Informal Review of “The Good Adoptee”

Recently, I was able to volunteer and view a one-actor show called “The Good Adoptee”. I met the playwright, Suzanne Bachner, briefly during the CUB retreat I attended last fall. She has been hosting the play in the New England region while the OBC bill has been facing legislation again in the area and surrounding states. The play is an autobiographical representation of Bachner’s journey as an adoptee.

The beginning portion recounts her early life, always knowing Bachner was adopted, and having certain fantasies of what that meant. She compared it to the myths that everyone tells their children like the Tooth Fairy, Santa Claus, and the Easter Bunny. However, the myths of what she believed was her adoption story slowly became revealed into something more puzzling and complicated. As an adult, Bachner struggles to regain a sense of identity as she encounters many frustrating phone calls with an insensitive social worker assigned to her adoption case and a self-absorbed investigator she hires to find her birth parents.

During the play, as Bachner discovers who she was before she was adopted, she reflects on how she is split in two: the person she grew up knowing, the child her adoptive parents raised; and the person she was when she was born, the baby surrendered into foster care. Even though I am not adopted, that part of the play resonated with me the most. For a long time now, I have noticed that I feel split in two: the person that goes to work, socializes with friends and figuring out my life as an adult; and then the birth mother who is grieving every day and sees my daughter in every child/baby I encounter. I am not sure how to merge the two together or if I even can.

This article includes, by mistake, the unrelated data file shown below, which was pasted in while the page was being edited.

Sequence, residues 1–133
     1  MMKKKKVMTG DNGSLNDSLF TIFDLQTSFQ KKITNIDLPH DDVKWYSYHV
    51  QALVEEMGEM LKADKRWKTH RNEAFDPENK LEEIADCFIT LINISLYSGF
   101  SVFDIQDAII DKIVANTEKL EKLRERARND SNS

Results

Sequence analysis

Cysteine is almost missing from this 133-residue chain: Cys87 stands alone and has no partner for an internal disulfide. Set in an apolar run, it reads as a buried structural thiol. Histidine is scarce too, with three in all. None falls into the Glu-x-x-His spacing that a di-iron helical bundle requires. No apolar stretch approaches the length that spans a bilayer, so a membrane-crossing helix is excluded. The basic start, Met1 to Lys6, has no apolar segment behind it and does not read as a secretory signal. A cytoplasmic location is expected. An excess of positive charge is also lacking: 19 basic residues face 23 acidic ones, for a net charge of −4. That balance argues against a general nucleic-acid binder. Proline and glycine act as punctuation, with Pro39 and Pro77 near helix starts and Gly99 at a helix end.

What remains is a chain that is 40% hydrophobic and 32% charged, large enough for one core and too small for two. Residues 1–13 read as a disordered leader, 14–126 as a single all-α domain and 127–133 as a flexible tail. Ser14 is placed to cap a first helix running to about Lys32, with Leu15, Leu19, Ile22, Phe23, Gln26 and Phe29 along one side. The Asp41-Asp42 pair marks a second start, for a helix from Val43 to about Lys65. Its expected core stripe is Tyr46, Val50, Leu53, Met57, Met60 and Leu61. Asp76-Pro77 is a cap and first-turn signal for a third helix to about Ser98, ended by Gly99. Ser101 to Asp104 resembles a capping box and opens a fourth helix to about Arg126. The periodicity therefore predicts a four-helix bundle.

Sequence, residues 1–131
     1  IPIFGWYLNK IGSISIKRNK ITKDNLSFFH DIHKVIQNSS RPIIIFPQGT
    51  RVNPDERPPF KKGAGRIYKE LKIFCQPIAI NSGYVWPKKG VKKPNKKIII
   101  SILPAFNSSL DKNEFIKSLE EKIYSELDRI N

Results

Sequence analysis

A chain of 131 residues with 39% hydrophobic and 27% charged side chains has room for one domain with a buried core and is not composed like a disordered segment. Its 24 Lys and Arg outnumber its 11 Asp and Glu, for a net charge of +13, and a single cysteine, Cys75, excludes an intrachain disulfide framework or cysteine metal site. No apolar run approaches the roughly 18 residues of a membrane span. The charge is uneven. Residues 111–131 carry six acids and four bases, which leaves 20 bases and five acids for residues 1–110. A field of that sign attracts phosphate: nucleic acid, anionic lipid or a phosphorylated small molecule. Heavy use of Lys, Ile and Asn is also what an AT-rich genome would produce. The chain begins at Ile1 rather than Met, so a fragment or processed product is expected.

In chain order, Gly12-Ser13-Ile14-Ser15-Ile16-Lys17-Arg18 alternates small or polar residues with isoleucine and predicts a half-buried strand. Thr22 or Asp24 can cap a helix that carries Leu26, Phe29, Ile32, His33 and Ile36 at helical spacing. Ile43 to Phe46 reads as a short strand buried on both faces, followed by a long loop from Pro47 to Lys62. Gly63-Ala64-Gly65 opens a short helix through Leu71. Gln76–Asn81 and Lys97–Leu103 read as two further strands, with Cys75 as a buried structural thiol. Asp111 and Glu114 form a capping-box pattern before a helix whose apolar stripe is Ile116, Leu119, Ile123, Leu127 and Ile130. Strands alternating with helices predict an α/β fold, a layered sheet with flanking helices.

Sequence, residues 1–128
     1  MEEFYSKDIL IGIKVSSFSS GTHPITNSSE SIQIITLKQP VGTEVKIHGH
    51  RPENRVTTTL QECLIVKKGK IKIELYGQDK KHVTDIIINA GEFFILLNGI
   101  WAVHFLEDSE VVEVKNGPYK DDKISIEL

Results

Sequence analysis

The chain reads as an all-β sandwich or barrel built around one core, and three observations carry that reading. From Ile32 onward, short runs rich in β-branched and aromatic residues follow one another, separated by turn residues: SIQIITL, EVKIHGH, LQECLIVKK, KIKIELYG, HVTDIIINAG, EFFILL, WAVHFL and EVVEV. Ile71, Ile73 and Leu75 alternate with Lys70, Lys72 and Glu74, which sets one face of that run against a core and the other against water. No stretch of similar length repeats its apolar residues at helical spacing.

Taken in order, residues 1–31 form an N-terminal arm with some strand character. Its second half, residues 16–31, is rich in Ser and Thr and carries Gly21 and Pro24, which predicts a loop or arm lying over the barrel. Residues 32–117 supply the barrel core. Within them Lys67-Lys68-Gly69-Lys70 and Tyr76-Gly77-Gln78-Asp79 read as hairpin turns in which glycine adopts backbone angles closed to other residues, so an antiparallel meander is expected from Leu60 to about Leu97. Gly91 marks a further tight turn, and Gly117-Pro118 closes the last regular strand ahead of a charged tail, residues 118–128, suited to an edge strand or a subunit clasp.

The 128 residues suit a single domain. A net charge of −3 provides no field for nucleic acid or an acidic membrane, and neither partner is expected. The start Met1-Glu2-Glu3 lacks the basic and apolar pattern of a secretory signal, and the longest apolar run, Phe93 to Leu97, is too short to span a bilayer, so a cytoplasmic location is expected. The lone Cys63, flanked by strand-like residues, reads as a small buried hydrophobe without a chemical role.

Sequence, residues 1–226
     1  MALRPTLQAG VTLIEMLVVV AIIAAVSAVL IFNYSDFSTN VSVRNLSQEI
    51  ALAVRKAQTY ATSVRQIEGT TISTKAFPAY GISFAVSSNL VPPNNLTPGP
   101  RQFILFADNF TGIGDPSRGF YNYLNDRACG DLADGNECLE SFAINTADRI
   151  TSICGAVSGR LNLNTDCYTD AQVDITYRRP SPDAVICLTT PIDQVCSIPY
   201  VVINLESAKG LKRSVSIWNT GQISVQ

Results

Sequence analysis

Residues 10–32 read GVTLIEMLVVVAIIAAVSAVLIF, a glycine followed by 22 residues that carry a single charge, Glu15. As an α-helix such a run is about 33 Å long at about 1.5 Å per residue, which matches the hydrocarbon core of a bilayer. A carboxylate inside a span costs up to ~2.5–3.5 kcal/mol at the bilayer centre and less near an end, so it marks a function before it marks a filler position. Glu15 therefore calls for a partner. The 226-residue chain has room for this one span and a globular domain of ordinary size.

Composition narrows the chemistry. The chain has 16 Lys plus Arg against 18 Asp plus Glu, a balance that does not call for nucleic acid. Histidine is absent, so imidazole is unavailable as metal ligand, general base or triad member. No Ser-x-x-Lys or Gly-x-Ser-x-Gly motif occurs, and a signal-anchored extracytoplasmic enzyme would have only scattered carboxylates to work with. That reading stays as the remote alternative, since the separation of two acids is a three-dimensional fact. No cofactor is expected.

Watching the play made me worry about the journey my daughter might endure as she gets older. I am unsure as to what her adoptive parents have told her about her adoption story. I am uncertain whether she will want to know more about where she came from. Her situation is different than Bachner’s because it is still currently an semi-open adoption. Will she have easier access to getting her birth information? Will she have to jump through more hoops since she is not in the same state as where she was born? Will I be able to help her through her journey of identity? Her future and mine is incredibly uncertain.

Bachner’s play ends with her finding her birth mother and beginning a relationship with her. She discovered that her birth father had passed just a few years shy of her starting her search. But, she went to the college her birth parents met and saw a picture of him in a yearbook and found a sense of closure that way.

I found the play to be brave and inspiring as it touched on so many issues regarding an adoptee’s struggle through life. Not that all adoptees feel the same way, but so many strive to find a sense of self whether they reunite with their birth families or not. It is not always enough to know medical information from a birth certificate or adoption record. Adoptees searching for information or reunion is about connecting with others, having their family tree fill and grow, and feeling wanted and loved. Adoptees live a different life than those who are not adopted. I know my family tree, I know what happened the day I was born, I see the physical traits I have in my parents, and many other things that may seem insignificant and can be taken for granted. But, many adoptees do not have that knowledge or even access to it even when they become adults. Suzanne Bachner’s play is not only a true account of her story, but an accurate representation of what many adoptees go through.


Original Birth Certificates

When talking about retaining original birth certificates or having access to the original birth certificate before a child was adopted, I feel like my voice is not as relevant unlike the millions of adult adoptees who have endured so much to get their original birth certificate (OBC) or are still trying to get that vital piece of their identity. I am not adopted and therefore do not speak for any adoptee, not even my daughter that I placed into adoption when she was born. But, as I am much of a part of the world of adoption as any birth parent, I will speak up on this issue. Continue reading “Original Birth Certificates”

After Juno: A Review of the 2007 Film